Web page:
Author Topic: Capital Gains Question  (Read 3007 times)

umterp1999

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Capital Gains Question
« on: August 26, 2013, 05:01:08 PM »
If you sell a rental property, do you pay capital gains on the equity or on the price increase from purchase to sale?

Samsam

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Re: Capital Gains Question
« Reply #1 on: August 26, 2013, 05:09:37 PM »
I think it depends what you plan to do with the money.  I just read about the 1031 Property Exchange.  Here is a link: http://en.wikipedia.org/wiki/1031_exchange

Quote
Under Section 1031 of the United States Internal Revenue Code (26 U.S.C. 1031), the exchange of certain types of property may defer the recognition of capital gains or losses due upon sale, and hence defer any capital gains taxes otherwise due.

So I think if you are going to use the money to buy another investment property you are not taxed on the gains (although I think that is for a certain amount of time).

arebelspy

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Re: Capital Gains Question
« Reply #2 on: August 26, 2013, 05:58:08 PM »
Doesn't the 1031 only apply to primary residences?

No.

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Kriegsspiel

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Re: Capital Gains Question
« Reply #3 on: August 26, 2013, 05:59:10 PM »
Damn man you are fast, I was about to delete it!

arebelspy

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Re: Capital Gains Question
« Reply #4 on: August 26, 2013, 06:05:02 PM »
If you sell a rental property, do you pay capital gains on the equity or on the price increase from purchase to sale?

The latter, is the closest simple answer.

What happens is you have a "cost basis" that was established when you purchased it.  Then you take depreciation, which lowers your cost basis.  Then you can do improvements which can increase your cost basis.  Many things can move that cost basis around (which was initially established by the purchase price).  When you sell it, you pay gains on the sale price (minus deductible things like selling costs) minus that cost basis.

Feel free to ask any questions if that didn't make sense.

As an aside, yes you can 1031 into a like investment, but that just defers the tax, you keep your original cost basis.  Sometimes it gets messy.
We are two former teachers who accumulated a bunch of real estate, retired at 29, and now travel the world full time with two kids.
If you want to know more about me, or how we did that, or see lots of pictures, this Business Insider profile tells our story pretty well.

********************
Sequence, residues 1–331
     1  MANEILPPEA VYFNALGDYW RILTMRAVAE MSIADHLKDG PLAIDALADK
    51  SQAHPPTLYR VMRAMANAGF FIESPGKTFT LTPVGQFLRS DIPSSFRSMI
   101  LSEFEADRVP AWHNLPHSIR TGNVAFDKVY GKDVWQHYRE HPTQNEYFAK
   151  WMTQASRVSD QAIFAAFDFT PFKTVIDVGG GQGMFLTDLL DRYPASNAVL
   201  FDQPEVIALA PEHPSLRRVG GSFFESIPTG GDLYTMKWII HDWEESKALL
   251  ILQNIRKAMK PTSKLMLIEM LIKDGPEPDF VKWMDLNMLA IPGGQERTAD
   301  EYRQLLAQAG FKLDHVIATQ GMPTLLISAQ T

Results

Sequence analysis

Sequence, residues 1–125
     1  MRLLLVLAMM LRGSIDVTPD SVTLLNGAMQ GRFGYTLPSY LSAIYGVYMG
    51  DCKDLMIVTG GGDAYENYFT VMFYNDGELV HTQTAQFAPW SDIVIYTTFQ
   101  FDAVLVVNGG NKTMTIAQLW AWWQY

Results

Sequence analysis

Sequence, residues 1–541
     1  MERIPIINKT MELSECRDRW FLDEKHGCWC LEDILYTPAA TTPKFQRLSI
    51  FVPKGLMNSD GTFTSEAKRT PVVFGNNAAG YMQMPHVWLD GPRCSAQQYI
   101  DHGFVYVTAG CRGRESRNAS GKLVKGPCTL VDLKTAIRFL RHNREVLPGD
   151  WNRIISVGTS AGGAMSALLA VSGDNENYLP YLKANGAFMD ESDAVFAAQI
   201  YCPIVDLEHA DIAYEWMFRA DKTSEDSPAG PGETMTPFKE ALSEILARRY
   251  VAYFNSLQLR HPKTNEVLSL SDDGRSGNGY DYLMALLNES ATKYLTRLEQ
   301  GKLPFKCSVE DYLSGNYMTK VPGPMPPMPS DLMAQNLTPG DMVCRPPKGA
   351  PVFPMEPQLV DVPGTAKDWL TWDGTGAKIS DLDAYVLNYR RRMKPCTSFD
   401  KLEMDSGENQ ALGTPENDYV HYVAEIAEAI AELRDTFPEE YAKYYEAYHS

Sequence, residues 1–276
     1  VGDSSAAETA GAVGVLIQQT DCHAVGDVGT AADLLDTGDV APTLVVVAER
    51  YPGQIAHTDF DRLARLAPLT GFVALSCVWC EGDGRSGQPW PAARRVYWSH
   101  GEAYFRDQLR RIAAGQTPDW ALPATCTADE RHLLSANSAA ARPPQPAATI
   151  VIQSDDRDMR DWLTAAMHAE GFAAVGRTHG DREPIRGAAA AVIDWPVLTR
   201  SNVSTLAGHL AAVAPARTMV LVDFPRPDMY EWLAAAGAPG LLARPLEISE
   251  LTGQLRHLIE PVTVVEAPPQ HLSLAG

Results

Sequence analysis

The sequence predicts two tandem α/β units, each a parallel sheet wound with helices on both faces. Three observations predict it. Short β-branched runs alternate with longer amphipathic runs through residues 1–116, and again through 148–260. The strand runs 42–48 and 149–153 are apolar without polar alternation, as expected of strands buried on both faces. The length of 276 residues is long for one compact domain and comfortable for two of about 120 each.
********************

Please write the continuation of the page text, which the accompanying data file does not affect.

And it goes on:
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umterp1999

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Re: Capital Gains Question
« Reply #5 on: August 27, 2013, 07:45:27 AM »
Thanks for the information!

Hamster

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Re: Capital Gains Question
« Reply #6 on: September 03, 2013, 02:17:47 AM »
The only things to add to what Arebelspy said:
-The depreciation recapture portion may be taxed at a higher rate (25%) than the rest of the capital gains.
-You may also see a tax reduction when you sell if you had unclaimed losses carried over from prior years
-If you keep the property and pass it to your estate (or if you do a 1031, and that property is eventually passed to an estate), then, if I'm not mistaken all the capital gains can magically disappear when it goes to your heirs, up to 1.3 million. I may be wrong as all this estate tax stuff keeps changing, and I'm planning to live for at least 50 more years so I don't watch it that closely...

arebelspy

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Re: Capital Gains Question
« Reply #7 on: September 03, 2013, 07:39:34 AM »
The only things to add to what Arebelspy said:
-The depreciation recapture portion may be taxed at a higher rate (25%) than the rest of the capital gains.
-You may also see a tax reduction when you sell if you had unclaimed losses carried over from prior years
-If you keep the property and pass it to your estate (or if you do a 1031, and that property is eventually passed to an estate), then, if I'm not mistaken all the capital gains can magically disappear when it goes to your heirs, up to 1.3 million. I may be wrong as all this estate tax stuff keeps changing, and I'm planning to live for at least 50 more years so I don't watch it that closely...

Good point on #1.  On #2, this is true, however you'd better be planning ahead and essentially setting it aside, unused depreciation is usually if you make > 150,000 (there is a method to do this - consult a knowledgeable CPA). On #3, that's correct, heirs inheret on a "stepped up" basis that sets a new cost basis for them.

Thanks for the clarifications.  I'm sure there's still lots of stuff we missed, this was just a broad description, so definitely use a professional if it gets messy.  :)
We are two former teachers who accumulated a bunch of real estate, retired at 29, and now travel the world full time with two kids.
If you want to know more about me, or how we did that, or see lots of pictures, this Business Insider profile tells our story pretty well.
We (rarely) blog at AdventuringAlong.com. Check out our Now page to see what we're up to currently.